At Cafe Hayek, Don Boudreaux highlights a new paper by Jonathan Rothwell challenging the findings of David Autor et al that trade with China is harming American workers. The abstract of the paper sounds interesting, but I want to focus on one point in particular (Emphasis mine):
At the community level, Autor, Dorn and Hanson (2013) find that local areas have experienced slower job and wage growth and higher unemployment because of import competition with China. Upon analyzing their data, I conclude that their results are biased by the weaker macroeconomic performance of 2000-2007 relative to the 1990s. When I analyze inter-local area economic changes — rather analyzing changes within and across areas — I fail to reject the null hypotheses that import competition has no effect on wage or employment growth, except within the manufacturing sector during the most recent period, or that it has no effect on many other outcomes, including labor force participation, intergenerational mobility, and mortality.
There’s an interesting lesson to be learned here, beyond just what Rothwell finds:
Findings can depend on how one slices the data. To wit, Autor et al find significant negative effects when the data is within or across areas and Rothwell finds significant positive effects when the data is inter-local area. We see the same in minimum wage (time series vs panel data, etc).
Any statistician can tell you that regression models can change depending on how you cut and categorize the data: different “n” can give different outcomes, different controls and dummies can give different signs, etc. We try for robustness, but it is still at the end of the day a model.
Of course, none of this is to disparage the work of Autor et al or Rothwell, or even econometrics in general (an important field, if used correctly). But we need to fully understand its limitations and our own assumptions, and be very careful before tossing out theory.
Gordon Tullock, in his 1967 paper in the Western Economic Journal, demonstrates exactly this. Tullock begins with a conversation regarding welfare costs from monopolies and tariffs, citing recent research that finds these welfare losses are pretty minimal. In fact, they’re so small that Tullock finds:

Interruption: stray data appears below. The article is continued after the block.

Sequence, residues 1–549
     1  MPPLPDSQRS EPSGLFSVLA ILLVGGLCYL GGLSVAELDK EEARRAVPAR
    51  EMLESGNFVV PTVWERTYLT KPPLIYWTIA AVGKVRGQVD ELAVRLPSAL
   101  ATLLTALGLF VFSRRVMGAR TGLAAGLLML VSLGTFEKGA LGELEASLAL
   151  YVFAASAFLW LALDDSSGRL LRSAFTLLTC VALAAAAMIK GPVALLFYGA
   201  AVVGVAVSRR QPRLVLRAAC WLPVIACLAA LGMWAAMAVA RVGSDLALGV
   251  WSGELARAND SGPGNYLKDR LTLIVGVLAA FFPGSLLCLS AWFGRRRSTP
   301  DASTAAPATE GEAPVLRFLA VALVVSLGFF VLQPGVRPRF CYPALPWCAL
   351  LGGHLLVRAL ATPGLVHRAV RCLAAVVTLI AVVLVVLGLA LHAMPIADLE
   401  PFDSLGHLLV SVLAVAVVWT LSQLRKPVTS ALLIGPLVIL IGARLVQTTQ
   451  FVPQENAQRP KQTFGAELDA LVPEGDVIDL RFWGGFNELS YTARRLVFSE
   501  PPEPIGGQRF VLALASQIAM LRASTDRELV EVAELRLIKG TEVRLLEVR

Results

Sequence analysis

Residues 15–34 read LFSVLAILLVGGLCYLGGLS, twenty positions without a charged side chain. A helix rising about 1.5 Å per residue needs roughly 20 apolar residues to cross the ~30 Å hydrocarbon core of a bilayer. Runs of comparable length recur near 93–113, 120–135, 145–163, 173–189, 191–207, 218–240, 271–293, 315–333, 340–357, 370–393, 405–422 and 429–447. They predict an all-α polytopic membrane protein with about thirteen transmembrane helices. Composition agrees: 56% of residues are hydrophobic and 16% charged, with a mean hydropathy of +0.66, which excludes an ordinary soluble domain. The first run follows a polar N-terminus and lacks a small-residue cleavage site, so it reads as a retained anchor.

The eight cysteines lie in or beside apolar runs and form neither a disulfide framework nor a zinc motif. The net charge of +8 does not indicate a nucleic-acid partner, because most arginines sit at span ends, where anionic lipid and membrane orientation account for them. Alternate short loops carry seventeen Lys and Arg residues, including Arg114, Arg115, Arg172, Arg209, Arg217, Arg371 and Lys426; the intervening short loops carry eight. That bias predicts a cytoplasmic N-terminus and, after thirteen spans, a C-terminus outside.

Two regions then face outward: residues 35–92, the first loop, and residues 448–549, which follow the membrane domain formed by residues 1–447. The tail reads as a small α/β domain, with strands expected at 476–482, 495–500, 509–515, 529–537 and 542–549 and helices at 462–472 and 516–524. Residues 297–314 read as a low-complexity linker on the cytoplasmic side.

Judging from conversations with graduate students, a number of younger economists are in fact drawing the conclusion that tariffs and monopolies are not of much importance. This view is now beginning to appear in the literature.
Does this mean our theory about trade and tariffs are wrong? Does this mean tariffs can be helpful, or at least not substantially harmful? Does this mean microeconomists spend too much time focusing on tariffs at the expense of other topics? Or is it a measurement issue and the theory is fine? Tullock explores this issue and finds it is a measurement issue, not a theoretical issue. In other words, our tools not theory were incomplete. Tullock explains in the article the need to factor in lobbying costs which do not show up in the standard welfare analysis but are nonetheless substantial (read the article for yourself to see his argument. It’s short, 9 pages, and not technical at all).
Had Tullock not looked beyond the initial challenge to trade theory, had he (and other economists) just thrown off the theory based upon the small welfare losses, the world would be a far worse place. As it is, his (and Jim Buchanan’s) explorations eventually lead to the field of Public Choice and provided us with a cleaner understanding on the theory of trade, tariffs, monopolies, politics, and the costs associated therefrom.
The story of Gordon Tullock in the 1960’s is why anyone should be weary of claims that theory of any kind is “mistaken” or “proven wrong” by this or that study. We see this all the time with minimum wage. The good economist (or scientist) will ask the question, as Tullock (and Mundell) did back in the 60’s: Is the theory invalid, or our tools? It may be the theory is (such as with the case of geo-centrism) or our measurement tools are lacking. In fact, we see this with regards to minimum wage: measurable job losses may be minimal, but there are many other margins firms adjust along, not all of whom are measured. It would be mistaken to toss out the theory.
Economics is still a young science. I suspect, as has already happened, some of our theories will be tossed out as we gain more insight and knowledge. But we musn’t be too hasty in doing so (especially when there is political pressure to do so), lest we sacrifice knowledge for convenience and insight for what my professor Thomas Startmann calls “naive analysis.”